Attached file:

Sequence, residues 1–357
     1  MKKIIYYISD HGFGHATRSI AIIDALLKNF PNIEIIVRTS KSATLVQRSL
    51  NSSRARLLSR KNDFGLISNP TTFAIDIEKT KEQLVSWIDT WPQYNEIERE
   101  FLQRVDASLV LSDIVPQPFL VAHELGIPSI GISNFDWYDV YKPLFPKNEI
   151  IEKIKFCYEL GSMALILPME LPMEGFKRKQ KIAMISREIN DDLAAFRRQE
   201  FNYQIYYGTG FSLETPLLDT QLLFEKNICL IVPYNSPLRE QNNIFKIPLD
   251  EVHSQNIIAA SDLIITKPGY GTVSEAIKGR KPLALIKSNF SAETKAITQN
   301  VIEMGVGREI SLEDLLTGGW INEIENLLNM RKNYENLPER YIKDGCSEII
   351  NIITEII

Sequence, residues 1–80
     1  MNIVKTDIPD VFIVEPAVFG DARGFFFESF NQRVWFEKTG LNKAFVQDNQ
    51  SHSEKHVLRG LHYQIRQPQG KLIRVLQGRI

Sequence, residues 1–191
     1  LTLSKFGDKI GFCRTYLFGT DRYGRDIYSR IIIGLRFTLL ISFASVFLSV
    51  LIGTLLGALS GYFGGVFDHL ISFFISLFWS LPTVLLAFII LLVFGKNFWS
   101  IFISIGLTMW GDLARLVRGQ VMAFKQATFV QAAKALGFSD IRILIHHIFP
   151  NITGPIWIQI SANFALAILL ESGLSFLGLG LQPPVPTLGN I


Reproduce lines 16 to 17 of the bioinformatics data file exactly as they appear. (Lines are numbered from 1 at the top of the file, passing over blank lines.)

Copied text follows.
   101  IFISIGLTMW GDLARLVRGQ VMAFKQATFV QAAKALGFSD IRILIHHIFP
   151  NITGPIWIQI SANFALAILL ESGLSFLGLG LQPPVPTLGN I